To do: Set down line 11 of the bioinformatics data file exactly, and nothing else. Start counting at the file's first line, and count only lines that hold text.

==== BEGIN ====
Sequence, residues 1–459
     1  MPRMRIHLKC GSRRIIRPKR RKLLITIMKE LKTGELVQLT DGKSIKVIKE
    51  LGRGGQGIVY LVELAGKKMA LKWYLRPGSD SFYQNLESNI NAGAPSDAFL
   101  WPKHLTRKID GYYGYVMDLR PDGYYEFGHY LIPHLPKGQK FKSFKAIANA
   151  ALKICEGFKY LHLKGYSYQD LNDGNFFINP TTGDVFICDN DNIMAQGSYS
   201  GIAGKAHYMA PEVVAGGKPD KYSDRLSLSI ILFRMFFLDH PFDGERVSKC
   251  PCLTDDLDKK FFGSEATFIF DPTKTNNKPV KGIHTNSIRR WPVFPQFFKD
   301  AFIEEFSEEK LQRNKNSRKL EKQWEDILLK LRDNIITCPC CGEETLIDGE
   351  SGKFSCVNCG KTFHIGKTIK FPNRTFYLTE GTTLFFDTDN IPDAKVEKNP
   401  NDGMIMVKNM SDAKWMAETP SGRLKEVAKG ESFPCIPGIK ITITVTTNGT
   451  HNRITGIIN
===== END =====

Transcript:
   451  HNRITGIIN